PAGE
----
These interventions are recognized by the Australian Leading Dementia Organization Dementia Australia and include being physically and cognitively active, adhere to a Mediterranean diet, maintain social networks and minimize the burden of chronic diseases.

Currently, there are no formal guidelines for exercise and dementia, but extensive research indicates that if you are more physically active, less sedentary, stronger, installer and less frail you can reduce your risk of dementia in the future.

Recommended types of exercise

The goals of exercise for brain health and dementia are to maintain and / or improve cognition, independence and mobility, as well as minimize the risk of falls and prolonged periods of bed rest and sedentary lifestyle.

This is best achieved through an exercise prescription that includes aerobic exercise, resistance training, and two-task balance training of moderate to high intensity. It is most effective in maintaining brain structure and function and reducing the risk of frailty and falls, which can often accelerate cognitive decline in old age.

In moderate to severe dementia, it can be difficult to maintain the appropriate intensity of aerobic exercise, and therefore frequent and smaller movements throughout the day to interrupt prolonged sedentary lifestyle are a good alternative.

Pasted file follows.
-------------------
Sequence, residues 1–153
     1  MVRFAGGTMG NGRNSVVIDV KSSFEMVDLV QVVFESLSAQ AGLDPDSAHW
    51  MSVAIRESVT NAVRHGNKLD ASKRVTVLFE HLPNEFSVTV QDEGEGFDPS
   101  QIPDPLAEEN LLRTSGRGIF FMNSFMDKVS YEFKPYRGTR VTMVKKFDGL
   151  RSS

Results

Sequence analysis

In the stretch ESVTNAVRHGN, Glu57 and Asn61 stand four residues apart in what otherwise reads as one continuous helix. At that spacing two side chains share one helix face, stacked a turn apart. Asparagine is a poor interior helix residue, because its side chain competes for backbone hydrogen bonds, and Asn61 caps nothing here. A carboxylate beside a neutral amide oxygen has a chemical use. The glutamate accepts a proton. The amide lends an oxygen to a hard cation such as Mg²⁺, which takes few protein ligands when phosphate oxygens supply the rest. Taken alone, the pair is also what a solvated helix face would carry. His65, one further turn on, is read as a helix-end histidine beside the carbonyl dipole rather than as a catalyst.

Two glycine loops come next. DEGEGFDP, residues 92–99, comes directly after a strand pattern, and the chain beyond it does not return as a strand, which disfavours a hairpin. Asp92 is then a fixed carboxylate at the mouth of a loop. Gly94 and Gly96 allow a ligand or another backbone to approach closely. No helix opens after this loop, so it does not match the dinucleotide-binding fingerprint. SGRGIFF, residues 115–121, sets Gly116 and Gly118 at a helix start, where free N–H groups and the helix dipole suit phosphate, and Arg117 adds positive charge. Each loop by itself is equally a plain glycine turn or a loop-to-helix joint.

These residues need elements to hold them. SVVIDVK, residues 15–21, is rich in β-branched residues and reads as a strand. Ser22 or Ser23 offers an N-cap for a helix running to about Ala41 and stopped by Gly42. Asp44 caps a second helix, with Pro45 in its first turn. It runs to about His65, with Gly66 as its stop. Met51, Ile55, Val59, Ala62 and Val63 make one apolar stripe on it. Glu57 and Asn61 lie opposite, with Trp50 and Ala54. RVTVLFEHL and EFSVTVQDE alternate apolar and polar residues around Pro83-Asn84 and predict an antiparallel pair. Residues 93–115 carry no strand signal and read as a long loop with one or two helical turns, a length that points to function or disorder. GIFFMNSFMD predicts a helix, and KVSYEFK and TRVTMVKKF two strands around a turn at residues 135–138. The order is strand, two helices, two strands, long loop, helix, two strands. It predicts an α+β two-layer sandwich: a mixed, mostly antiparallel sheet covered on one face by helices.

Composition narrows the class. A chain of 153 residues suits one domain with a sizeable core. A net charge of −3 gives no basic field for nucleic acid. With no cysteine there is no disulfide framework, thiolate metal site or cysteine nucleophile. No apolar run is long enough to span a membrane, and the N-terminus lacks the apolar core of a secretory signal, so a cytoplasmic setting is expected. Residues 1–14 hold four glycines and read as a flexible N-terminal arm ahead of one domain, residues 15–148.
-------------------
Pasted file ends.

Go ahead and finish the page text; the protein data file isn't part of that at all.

Resistance training should be done with moderate to heavy loads that gradually become heavier with each session two to three days per week. A combination of machine weight (i.e. horizontal leg press) and functional movements (i.e. chair support) should be used to target the muscles of the thigh, thigh hip, buttocks, upper back and back of the arm, as these muscle groups are crucial in maintaining mobility and independence.

Two-task balance training involves training your balance in at the same time as performing cognitive tasks. An example might include walking heel-toe as fast and accurately as possible while trying to name as many countries as possible at the same time. This type of training is best done under supervision when you are not tired, at the start of a session, and with a rail or bench nearby to support you.